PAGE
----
An average retailer's gross margin in IL for flowers is 48.6% or $7.62 per gram. “If we convert retail prices to a $/lb, we note retail flower prices of $7,029 ($15.69/gram) compared with wholesale prices of $3,616 ($8.07/gram). Not bad compared with most other states: MA $4.62 ($9.71-5.09); MI $1.84. (...) We calculate that retailer spreads in IL at the start of the year were $9.52 per gram ($18.41-8.58). So, retailer gross profit per gram (not factoring in vertical integration) in IL is down 20% YTD,” Zuanic explained.

How Big Is The Price Disparity In Illinois?

According to Zuanic, the price disparity range goes from -18% to +6% whereas in Florida, it ranges from -43% to +23%. In PA from -19% to +13%.

Relatively speaking, supply seems to be tighter in Illinois than in Pennsylvania.

“Despite IL being rec, total flower average SKU counts per store are below PA levels (132 vs. 178), in IL SKU counts across operators vary a lot more than in PA. In Illinois Cresco (OTC:CRBLF) stocks 82% more flower SKUs than the state average per store, while Curaleaf (OTC:CURLF)(CSE:CURA) is 58% below and PharmaCann is 30% below. Think of this note as ‘food for thought,’” Zuanic said.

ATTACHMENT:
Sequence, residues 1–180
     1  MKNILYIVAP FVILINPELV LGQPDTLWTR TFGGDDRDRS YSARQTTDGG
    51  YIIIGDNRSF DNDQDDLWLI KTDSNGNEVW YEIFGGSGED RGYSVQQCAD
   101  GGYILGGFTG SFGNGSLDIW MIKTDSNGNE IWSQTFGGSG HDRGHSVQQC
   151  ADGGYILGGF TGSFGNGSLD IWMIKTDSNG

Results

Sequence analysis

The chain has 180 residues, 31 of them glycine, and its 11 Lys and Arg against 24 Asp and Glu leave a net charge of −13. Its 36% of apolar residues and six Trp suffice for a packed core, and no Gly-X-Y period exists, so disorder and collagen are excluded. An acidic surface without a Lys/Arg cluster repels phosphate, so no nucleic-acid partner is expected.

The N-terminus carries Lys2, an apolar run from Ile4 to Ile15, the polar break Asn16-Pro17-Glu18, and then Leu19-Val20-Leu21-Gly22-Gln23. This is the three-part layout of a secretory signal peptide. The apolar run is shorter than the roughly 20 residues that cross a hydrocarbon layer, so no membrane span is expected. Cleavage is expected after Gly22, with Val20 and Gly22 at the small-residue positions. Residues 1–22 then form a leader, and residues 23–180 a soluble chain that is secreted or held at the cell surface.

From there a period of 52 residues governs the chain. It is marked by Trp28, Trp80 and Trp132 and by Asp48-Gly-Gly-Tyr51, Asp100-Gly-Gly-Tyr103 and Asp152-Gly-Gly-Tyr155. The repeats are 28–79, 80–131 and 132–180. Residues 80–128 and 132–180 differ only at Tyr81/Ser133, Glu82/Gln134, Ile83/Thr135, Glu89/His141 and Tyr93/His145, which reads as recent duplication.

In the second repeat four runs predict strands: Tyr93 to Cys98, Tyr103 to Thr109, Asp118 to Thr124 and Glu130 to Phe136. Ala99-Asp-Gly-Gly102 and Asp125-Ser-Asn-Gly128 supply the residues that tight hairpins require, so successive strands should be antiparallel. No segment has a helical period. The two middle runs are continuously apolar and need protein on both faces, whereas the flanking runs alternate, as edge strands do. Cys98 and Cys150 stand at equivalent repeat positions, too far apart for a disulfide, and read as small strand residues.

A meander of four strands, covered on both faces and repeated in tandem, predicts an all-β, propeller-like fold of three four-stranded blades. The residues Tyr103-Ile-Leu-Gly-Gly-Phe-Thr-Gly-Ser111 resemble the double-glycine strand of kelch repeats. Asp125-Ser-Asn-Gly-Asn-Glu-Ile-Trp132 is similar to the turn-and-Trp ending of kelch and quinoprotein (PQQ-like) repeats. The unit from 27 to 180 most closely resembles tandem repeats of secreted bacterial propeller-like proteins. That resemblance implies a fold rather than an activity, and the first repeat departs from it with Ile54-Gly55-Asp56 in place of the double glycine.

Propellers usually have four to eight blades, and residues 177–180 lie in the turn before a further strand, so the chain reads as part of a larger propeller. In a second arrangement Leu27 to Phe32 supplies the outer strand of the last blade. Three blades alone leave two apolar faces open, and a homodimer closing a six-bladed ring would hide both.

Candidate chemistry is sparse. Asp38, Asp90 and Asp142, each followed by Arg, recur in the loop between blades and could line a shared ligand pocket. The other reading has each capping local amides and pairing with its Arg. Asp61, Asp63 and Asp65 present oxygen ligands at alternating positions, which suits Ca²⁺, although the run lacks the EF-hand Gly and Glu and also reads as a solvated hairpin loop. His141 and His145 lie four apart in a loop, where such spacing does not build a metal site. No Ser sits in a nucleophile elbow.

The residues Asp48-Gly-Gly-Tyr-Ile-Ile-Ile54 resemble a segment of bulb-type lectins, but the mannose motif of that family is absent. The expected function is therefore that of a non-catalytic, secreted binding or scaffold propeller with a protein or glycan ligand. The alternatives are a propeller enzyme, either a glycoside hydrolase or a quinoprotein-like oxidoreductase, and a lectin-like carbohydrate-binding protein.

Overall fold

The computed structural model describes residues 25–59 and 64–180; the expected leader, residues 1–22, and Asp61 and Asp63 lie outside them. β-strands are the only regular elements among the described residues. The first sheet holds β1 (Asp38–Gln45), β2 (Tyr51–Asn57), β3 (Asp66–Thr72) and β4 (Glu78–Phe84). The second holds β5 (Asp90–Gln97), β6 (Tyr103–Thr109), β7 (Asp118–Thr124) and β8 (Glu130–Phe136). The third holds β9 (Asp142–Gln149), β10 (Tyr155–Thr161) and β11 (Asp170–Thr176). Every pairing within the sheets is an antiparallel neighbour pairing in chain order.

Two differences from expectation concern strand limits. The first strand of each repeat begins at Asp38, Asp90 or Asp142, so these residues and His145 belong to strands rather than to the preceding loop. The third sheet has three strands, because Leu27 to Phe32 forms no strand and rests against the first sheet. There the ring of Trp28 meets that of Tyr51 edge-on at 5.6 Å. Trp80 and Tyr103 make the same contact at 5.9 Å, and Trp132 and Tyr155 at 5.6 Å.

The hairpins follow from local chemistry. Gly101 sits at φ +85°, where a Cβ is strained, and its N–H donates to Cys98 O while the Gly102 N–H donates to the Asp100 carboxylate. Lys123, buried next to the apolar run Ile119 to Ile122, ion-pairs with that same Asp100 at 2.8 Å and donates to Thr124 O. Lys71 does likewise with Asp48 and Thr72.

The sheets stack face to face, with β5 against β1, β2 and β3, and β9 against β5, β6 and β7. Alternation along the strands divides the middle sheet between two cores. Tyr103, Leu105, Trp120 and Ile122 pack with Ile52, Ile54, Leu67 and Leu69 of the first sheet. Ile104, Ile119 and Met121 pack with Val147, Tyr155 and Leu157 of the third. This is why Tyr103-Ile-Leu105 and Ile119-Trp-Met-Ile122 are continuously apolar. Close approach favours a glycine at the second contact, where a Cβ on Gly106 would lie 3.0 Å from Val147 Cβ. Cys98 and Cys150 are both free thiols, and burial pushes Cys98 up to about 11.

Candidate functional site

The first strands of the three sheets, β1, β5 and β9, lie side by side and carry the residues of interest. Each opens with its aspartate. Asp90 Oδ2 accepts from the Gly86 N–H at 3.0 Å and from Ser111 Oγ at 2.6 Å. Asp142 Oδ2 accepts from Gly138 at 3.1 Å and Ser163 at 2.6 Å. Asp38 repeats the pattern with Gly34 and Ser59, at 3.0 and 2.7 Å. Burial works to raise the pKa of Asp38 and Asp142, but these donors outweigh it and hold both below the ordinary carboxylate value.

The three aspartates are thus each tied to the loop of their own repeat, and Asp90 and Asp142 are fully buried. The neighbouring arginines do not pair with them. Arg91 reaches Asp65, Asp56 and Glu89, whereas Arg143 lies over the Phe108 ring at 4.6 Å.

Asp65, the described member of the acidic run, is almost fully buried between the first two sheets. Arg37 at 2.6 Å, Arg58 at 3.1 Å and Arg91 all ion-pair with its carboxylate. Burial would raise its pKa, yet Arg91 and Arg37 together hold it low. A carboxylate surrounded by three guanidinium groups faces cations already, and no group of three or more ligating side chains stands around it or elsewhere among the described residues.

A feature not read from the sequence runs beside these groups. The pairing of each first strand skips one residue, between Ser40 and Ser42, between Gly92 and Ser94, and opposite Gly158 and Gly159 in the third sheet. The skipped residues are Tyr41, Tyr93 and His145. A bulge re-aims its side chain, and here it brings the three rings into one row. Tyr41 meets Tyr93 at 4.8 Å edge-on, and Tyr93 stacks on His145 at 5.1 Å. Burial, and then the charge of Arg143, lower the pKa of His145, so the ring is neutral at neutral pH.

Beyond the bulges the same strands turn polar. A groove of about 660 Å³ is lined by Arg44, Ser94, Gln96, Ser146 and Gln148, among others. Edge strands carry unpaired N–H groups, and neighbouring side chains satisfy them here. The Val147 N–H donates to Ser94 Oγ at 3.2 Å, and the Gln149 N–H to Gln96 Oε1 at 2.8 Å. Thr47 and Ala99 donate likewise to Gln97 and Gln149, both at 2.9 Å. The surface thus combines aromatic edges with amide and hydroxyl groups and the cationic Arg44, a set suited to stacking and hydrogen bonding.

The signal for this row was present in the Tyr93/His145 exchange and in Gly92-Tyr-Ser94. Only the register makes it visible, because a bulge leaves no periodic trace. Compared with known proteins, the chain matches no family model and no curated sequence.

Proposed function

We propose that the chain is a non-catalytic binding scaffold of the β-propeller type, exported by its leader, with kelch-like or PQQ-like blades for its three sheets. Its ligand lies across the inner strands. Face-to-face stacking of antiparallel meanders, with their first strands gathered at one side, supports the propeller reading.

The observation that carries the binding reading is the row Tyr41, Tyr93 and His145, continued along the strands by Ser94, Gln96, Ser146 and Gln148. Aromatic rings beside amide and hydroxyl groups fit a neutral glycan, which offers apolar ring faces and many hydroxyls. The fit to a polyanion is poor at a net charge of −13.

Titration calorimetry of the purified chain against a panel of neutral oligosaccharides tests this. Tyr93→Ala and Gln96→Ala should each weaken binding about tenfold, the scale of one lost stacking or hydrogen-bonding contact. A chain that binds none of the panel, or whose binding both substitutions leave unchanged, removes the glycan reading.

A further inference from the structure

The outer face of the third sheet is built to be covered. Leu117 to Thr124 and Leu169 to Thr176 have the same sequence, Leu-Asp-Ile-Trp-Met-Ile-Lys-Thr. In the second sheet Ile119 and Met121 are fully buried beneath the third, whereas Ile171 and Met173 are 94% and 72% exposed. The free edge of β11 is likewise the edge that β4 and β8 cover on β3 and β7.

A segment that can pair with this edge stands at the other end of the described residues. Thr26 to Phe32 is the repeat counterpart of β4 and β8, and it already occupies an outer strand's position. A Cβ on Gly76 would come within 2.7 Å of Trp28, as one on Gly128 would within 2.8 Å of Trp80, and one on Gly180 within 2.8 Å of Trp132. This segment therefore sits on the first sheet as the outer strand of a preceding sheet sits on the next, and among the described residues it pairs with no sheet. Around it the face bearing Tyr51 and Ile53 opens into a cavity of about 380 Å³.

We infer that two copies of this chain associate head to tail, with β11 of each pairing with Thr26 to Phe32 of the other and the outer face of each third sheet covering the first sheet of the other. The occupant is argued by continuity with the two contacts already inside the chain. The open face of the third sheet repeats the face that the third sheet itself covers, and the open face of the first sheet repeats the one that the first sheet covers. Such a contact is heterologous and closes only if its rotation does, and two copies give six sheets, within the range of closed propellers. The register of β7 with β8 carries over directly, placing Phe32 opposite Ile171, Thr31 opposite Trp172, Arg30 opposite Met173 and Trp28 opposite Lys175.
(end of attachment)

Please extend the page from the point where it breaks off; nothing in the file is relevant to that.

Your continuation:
“We believe the higher % of pack sizes above 3.5g in IL (42% vs. PA at 30% and FL at 22%) is reflective of the increasingly competitive dynamics in the market, but also reflective of IL being a rec and med market. At the same time, PA/FL are both only meds. Another indication of PA being more competitive than IL is reflected in the # of flower SKUs per store (178 vs. 132); we believe the low SKU counts in FL are a reflection of capacity vs. a large number of stores, and FL's vertical integrated system.” 

Range in SKU counts between operators: An important difference is that in IL, SKU counts vary a lot across operators compared with Pennsylvania. “In IL, regarding total flower SKUs, one company (Cresco) had 239 SKUs or 82% above the market average, while Curaleaf only had 55 (58% below the average); in PA, the high was “only” 46% above (Green Thumb) and the low was only 28% below (Jushi).”